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Why is anybody storing movies anymore? Just let the netflix, itunes, and amazon's of the world maintain large catalogs of movies. The way to lower the price of something is for consumers to be unwilling to buy whatever widget at that price, eventually companies will figure it out and lower the price. Have you been to the movie theater lately, the places are empty. $12 entrance fees $5 sodas $8 popcorn, you take a family of five and the price is outrageous, consumers have basically told the movie theaters NO.
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post #12 of 19 Old 11-04-2012, 06:51 AM
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Quote:
Originally Posted by ctviggen View Post

Why are blurays so expensive? I used to buy tons of DVDs, but then I'd get them at around $10. Now, it seems as if the blurays are much more expensive, and I can't figure out why. Consequently, I rent first then buy only if I decide I'd watch the movie again.

I rent from Redbox and then if I decide I want to watch a movie again, normally years later, I'm just going to stream it.
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post #13 of 19 Old 11-04-2012, 07:11 AM
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One of the worst thread titles ever. C'mon OP, don't do drive-by trolling with junk like this.
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post #14 of 19 Old 11-04-2012, 09:45 AM
 
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Quote:
Originally Posted by jeffkro View Post

Why is anybody storing movies anymore? Just let the netflix, itunes, and amazon's of the world maintain large catalogs of movies. The way to lower the price of something is for consumers to be unwilling to buy whatever widget at that price, eventually companies will figure it out and lower the price. Have you been to the movie theater lately, the places are empty. $12 entrance fees $5 sodas $8 popcorn, you take a family of five and the price is outrageous, consumers have basically told the movie theaters NO.

I store movies because all of the streaming companies provide a far lower quality movie than what I can buy on BluRay. I can rent, but then I have to wait for the movie. By storing my movies onto HDDs, I sit on my couch and pull up a screen of the movie covers (courtesy of MediaBrowser) and then decide what I want to watch. A few clicks and I am watching the movie on my 106 inch projector screen. No turning my head sideways to read the titles, no handling physical media, no waiting for rentals to arrive, and no low quality streams.
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post #15 of 19 Old 11-04-2012, 11:35 AM
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Quote:
Originally Posted by jeffkro View Post

I rent from Redbox and then if I decide I want to watch a movie again, normally years later, I'm just going to stream it.

Bluray versus streaming on a 92 inch screen isn't really an option for me. Streaming has horrible quality. I don't see many movies twice, but I've seen Star Trek 3-4 times. I can't see streaming that versus watching in Bluray.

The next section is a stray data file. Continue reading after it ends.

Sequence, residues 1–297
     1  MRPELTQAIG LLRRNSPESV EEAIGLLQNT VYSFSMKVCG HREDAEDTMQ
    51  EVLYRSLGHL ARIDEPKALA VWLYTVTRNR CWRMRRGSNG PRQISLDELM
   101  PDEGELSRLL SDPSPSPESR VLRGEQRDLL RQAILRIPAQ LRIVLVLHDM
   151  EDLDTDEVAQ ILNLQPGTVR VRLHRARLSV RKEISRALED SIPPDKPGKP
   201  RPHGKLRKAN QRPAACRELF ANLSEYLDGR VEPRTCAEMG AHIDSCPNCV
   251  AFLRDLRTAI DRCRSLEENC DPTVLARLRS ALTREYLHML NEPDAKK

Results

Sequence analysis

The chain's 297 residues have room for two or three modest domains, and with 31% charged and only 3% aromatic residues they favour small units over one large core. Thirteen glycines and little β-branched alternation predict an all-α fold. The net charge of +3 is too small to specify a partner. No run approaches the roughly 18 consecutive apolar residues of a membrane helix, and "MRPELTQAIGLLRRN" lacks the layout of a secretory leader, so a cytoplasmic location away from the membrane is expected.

Bob
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post #16 of 19 Old 11-04-2012, 07:20 PM
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Quote:
Originally Posted by ctviggen View Post

Bluray versus streaming on a 92 inch screen isn't really an option for me. Streaming has horrible quality. I don't see many movies twice, but I've seen Star Trek 3-4 times. I can't see streaming that versus watching in Bluray.

92" what is that a projector or one of the new giant LCD's
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post #17 of 19 Old 11-04-2012, 10:47 PM
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Quote:
Originally Posted by jeffkro View Post

92" what is that a projector or one of the new giant LCD's

Don't know what he has, but Mits has been selling a 92" DLP Rear Projector for a good while (2011/2012). I have one and I use it with a Lumagen Radiance and a Darbee Darblet. It puts up a very nice image.

Just another blank signature.
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post #18 of 19 Old 11-05-2012, 05:04 AM
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Quote:
Originally Posted by jeffkro View Post

Why is anybody storing movies anymore? Just let the netflix, itunes, and amazon's of the world maintain large catalogs of movies. The way to lower the price of something is for consumers to be unwilling to buy whatever widget at that price, eventually companies will figure it out and lower the price. Have you been to the movie theater lately, the places are empty. $12 entrance fees $5 sodas $8 popcorn, you take a family of five and the price is outrageous, consumers have basically told the movie theaters NO.

...because those places don't have a lot of my movies which are concert dvds.
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post #19 of 19 Old 11-06-2012, 02:00 AM
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Why buy DVD or Blu Rays...no internet, ie internet is down. Doesn't always mean there is a power outage.

The breaking the encryption thing is just a way to keep most people honest and buy the discs. The Blu-DVD combo packs is a way to address people's demand to watch movies on the go with people's car or other portable DVD players.

The movies studios are trying ti figure out how to fill in people's demand for mobile devices--tablet, smartphones, etc--that Netflix and other services can't fill--doesn't have the content, people don't subscribe to the service, or no internet--such as UtlraVoilet. or the digital copy disc that are included. Unfortunately, some people find these cumbersome either because they limit how many devices they allow to put the movie on to or registration/login process. Personally, with the hassles the studies give, it was just easier to use Handbrake to make a digit copy, even if it takes longer to create.

I'm not knocking media studios trying to protect their product from theft. I just realize the law and technology are not moving at the same pace. When this is figured out, like it eventually was for music, there will be something else to having to figure itself with new technology that people's demand and technology and the content creator's trying to save their interest. It's not going away.